NEW YORK — The Yankees and Mets can increase capacity from 20% to 100% at their ballparks for home games starting May 19 — as along as fans are vaccinated against COVID-19.
And both teams will be giving away free tickets along with vaccinations.
New York Gov. Andrew Cuomo made the announcement at a news conference on Wednesday with Yankees president Randy Levine and Mets president Sandy Alderson.
“Theoretically if you had 100% vaccinated, you could fill the entire stadium with 100% vaccinated,” Cuomo said, “Unvaccinated, it is still the 6-foot social distancing. In other words, our capacity restrictions have been relaxed subject to the federal CDC social-distancing guideline of 6 feet.”
The Johnson & Johnson one-shot vaccination will be offered at the ballparks, and a person receiving a vaccination can get a free game ticket.
“If we can encourage more people to get vaccinated by giving away Yankees tickets, we are all in,” the Yankees said in a statement.
The current requirement for fans to show proof of a recent negative COVID-19 test will be dropped because it is burdensome, Cuomo said. Masks will continue to be required. Sections for unvaccinated fans will be at 33% capacity.
Cuomo also announced that Broadway theatres will reopen Sept. 14 at 100% capacity and ticket sales could start Thursday. Broadway theatres were closed by Cuomo on March 12, 2020.
On Monday, Cuomo said New York City restaurants could raise capacity to 100% on May 19, two days after 24-hour subway service resumes.
All Major League Baseball teams were required to play the pandemic-shortened 2020 season in empty ballparks. Cuomo allowed the New York teams to start this season at 20% capacity (10,850 at Yankee Stadium, 8,384 at Citi Field) and said on April 26 they could increase to 33% starting on May 19. Cuomo expanded that even further Thursday.
“We’ve been polling our fans,” Levine said. “I think the majority are vaccinated rather than unvaccinated who are coming in. And hopefully those numbers continue to rise. But we will have separate sections and accommodate all our season ticket holders, make sure that they’re fine, and other people coming in.”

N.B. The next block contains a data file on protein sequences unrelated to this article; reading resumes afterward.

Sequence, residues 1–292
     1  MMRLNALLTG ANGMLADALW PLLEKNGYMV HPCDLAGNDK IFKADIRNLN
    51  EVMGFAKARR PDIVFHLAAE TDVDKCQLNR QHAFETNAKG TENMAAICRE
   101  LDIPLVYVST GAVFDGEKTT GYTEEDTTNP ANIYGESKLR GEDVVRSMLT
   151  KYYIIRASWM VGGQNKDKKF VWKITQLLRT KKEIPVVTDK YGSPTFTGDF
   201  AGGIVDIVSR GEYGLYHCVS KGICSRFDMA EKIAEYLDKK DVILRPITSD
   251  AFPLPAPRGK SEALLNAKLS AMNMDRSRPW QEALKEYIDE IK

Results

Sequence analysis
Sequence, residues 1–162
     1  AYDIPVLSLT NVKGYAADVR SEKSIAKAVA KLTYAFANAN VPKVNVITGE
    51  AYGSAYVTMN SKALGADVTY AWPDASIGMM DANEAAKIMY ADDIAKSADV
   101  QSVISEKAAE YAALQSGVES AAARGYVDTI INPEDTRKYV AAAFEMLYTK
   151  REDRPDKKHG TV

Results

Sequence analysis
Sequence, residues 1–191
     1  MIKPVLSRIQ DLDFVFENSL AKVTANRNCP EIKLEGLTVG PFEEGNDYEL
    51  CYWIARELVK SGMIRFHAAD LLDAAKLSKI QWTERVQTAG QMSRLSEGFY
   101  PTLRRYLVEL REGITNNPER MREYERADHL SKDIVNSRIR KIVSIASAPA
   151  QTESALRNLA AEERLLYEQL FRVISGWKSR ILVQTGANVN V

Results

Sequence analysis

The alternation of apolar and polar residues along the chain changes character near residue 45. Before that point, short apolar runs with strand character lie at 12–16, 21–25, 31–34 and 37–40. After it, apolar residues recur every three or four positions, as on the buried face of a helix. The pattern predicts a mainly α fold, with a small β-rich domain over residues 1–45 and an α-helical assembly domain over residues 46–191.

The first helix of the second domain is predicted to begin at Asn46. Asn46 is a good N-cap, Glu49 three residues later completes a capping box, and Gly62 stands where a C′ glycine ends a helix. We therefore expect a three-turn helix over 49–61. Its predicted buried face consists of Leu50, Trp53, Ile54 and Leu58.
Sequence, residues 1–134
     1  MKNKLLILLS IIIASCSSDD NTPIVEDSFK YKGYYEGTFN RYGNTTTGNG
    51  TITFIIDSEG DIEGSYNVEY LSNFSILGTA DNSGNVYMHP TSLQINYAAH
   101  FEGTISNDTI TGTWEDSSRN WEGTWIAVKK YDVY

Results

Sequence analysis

Depending on whether season ticket holders and their guests are vaccinated, seat locations may have to be moved. Newly sold tickets will be specified as vaccinated or unvaccinated sections.
Levine is hoping for “full house after full house.”
“The main resistance now is people’s own fears and people’s comfort level,” Cuomo said. “And when you have a set of rules and protocols in place where people feel comfortable, I think it’s going to have more people attending games. I think more people will go to restaurants. I think more people will go to museums if they know they are safe when they go there. You’re vaccinated, you are going to sit with only vaccinated people. I think that’s actually going to increase the public acceptance level.”
Alderson said the Mets envision a gradual return to full capacity.
“There are some people who are just not comfortable being in large groups, even at an outdoor facility. And so, from our standpoint, we still need some social distancing,” he said. “Generally speaking, we think a gradual return is appropriate in light of some concerns that people have about being in large groups even if they’ve been vaccinated. So we’re working toward full capacity, of course, but we’re happy with where we are and where we’re going.”
Alderson said the Mets have not yet succeeded in getting 85% of their players and tier 1 staff such as managers, coaches and athletic trainers to receive vaccines, the threshold set by MLB and the players’ association to relax COVID-19 protocols such as mask requirements in dugouts and bullpens and restrictions on movement during travel.
“Our percentage right now is about 77%,” Alderson said. “We continue to work on it. At this point, it’s a case-by-case, individual-by individual campaign on our part. We continue to provide education and as time passes we get one or two more every few days. But we’re not at that level yet and we see the kind of resistance within the framework of the team that we see publicly, and all of the same reasons are being made to us by them as we see in the public domain.”
The Yankees were able to relax the protocols starting last Friday.
“Virtually all of our players have been vaccinated,” Levine said.
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